When not to worry about earnings declines

For a company to become more valuable over time, earnings need not hit record levels each and every year. At Aoris, we pay a great deal of attention, during period of earnings weakness, to the decisions by a particular company’s management about which expenses to cut, and whether the mindset is to maximise short term or long-term outcomes.

Take Graco, a maker of highly specialised fluid handling equipment, one of the 15 companies owned in the Aoris International Fund. During the GFC, management didn’t cut any staff or reduce planned spend on product development, knowing that some of their peers would. These ‘stay the course’ decisions helped the company grow market share immediately following the GFC and saw a very strong rebound in earnings. Graco followed the same long-term approach through the COVID period of suppressed activity.


The threat of an economic recession or an impending decline in corporate earnings is not, by itself, a reason to be fearful of equities, provided you avoid the most fragile and vulnerable businesses. At Aoris, we own 15 businesses that are growing, highly profitable and both conservatively managed and conservatively financed. Find our more on our web site. 

This report has been prepared by Aoris Investment Management Pty Ltd ABN 11 621 586 552, AFSL No 507281 (Aoris), the investment manager of Aoris International Fund (Fund). The issuer of units in Aoris International Fund is the Fund’s responsible entity The Trust Company (RE Services) Limited (ABN 45 003 278 831, AFSL License No 235150). The Product Disclosure Statement (PDS) contains all of the details of the offer. Copies of the PDS are available at or can be obtained by contacting Aoris directly. Before making any decision to make or hold any investment in the Fund you should consider the PDS in full. The information provided does not take into account your investment objectives, financial situation or particular needs. You should consider your own investment objectives, financial situation and particular needs before acting upon any information provided and consider seeking advice from a financial advisor if necessary. You should not base an investment decision simply on past performance. Past performance is not an indicator of future performance. Returns are not guaranteed and so the value of an investment may rise or fall.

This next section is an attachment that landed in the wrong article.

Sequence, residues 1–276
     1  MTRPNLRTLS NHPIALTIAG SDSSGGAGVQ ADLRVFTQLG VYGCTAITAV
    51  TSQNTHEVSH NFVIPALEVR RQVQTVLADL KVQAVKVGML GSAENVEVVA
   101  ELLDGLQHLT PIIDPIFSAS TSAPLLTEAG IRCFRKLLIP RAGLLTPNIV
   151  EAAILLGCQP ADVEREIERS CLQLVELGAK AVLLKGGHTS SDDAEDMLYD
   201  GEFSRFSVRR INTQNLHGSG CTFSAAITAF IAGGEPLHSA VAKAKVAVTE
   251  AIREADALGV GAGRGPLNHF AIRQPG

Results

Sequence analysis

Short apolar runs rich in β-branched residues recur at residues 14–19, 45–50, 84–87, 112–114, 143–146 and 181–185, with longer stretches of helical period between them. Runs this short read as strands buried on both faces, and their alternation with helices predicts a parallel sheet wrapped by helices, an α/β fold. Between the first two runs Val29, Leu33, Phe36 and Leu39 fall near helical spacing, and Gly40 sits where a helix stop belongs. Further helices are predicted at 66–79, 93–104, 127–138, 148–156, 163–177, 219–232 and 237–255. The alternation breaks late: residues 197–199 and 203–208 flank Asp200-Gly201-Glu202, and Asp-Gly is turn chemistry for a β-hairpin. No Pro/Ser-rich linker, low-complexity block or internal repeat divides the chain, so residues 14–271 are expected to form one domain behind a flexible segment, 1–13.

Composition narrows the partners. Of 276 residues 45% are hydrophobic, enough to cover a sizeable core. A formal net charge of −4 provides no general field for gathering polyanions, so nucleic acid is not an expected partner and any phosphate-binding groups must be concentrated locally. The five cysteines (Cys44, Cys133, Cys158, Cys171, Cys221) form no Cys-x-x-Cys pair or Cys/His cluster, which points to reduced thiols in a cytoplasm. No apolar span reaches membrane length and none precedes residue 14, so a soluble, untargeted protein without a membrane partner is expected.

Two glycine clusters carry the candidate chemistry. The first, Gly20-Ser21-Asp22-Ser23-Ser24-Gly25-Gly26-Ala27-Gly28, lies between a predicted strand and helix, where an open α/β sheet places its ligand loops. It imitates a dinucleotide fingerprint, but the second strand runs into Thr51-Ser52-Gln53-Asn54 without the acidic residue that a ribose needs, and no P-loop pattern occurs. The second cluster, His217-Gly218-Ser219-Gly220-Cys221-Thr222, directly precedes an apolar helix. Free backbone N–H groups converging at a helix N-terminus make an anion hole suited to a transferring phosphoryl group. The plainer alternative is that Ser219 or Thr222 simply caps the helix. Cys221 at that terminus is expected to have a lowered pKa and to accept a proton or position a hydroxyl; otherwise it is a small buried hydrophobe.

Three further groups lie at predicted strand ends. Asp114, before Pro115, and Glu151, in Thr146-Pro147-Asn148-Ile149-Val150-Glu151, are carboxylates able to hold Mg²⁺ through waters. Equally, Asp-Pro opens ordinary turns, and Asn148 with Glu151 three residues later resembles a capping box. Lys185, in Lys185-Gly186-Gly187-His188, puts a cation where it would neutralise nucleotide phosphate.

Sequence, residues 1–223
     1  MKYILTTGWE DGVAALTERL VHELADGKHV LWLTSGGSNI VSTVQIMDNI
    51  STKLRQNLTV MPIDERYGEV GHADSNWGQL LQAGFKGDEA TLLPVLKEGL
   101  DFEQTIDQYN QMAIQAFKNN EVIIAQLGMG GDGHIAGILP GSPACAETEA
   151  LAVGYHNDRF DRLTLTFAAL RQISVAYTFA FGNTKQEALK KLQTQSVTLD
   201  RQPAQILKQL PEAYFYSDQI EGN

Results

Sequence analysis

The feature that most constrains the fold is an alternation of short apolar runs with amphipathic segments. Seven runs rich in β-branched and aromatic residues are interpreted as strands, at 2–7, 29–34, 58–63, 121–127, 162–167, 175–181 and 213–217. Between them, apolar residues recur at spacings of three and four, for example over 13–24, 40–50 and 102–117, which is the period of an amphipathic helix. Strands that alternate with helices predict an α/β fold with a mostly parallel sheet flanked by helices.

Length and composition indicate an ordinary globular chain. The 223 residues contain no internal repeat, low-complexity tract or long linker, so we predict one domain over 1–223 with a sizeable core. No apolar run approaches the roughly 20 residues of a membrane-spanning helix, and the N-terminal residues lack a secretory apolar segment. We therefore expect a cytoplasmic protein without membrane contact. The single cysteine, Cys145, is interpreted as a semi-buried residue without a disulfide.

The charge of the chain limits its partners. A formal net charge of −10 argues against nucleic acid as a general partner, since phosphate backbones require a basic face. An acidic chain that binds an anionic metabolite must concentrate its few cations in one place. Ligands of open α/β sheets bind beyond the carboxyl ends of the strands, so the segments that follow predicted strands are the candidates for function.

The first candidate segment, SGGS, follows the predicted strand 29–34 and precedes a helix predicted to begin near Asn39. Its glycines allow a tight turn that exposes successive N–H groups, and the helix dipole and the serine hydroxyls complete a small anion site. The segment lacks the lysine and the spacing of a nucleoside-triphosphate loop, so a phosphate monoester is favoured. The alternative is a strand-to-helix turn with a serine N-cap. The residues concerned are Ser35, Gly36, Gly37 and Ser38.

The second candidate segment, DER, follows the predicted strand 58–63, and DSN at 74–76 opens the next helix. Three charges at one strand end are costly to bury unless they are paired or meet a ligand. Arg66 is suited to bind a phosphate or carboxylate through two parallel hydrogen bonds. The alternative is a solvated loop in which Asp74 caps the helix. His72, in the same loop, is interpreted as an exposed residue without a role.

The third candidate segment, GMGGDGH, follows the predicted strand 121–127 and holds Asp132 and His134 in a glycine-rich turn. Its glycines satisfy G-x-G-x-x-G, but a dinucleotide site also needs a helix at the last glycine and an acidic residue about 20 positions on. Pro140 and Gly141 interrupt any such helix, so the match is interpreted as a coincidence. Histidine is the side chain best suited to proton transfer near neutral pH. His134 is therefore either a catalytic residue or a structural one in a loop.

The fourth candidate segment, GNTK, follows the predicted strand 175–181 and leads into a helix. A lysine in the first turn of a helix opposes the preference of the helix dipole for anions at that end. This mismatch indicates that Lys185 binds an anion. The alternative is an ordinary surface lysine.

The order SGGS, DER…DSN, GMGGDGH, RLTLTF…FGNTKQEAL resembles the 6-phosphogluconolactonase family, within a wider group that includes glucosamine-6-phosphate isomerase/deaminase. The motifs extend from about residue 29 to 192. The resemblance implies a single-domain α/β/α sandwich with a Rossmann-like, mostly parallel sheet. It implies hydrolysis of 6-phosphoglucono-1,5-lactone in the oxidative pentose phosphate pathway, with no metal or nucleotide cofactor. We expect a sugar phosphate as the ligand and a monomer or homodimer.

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Stephen Arnold
Managing Director & Chief Investment Officer
Aoris Investment Management

Stephen founded Aoris Investment Management in 2017 and has been investing internationally for around 25 years. Prior to Aoris, Stephen was Head of International Equities at Evans & Partners where he directly managed $1bn of client assets.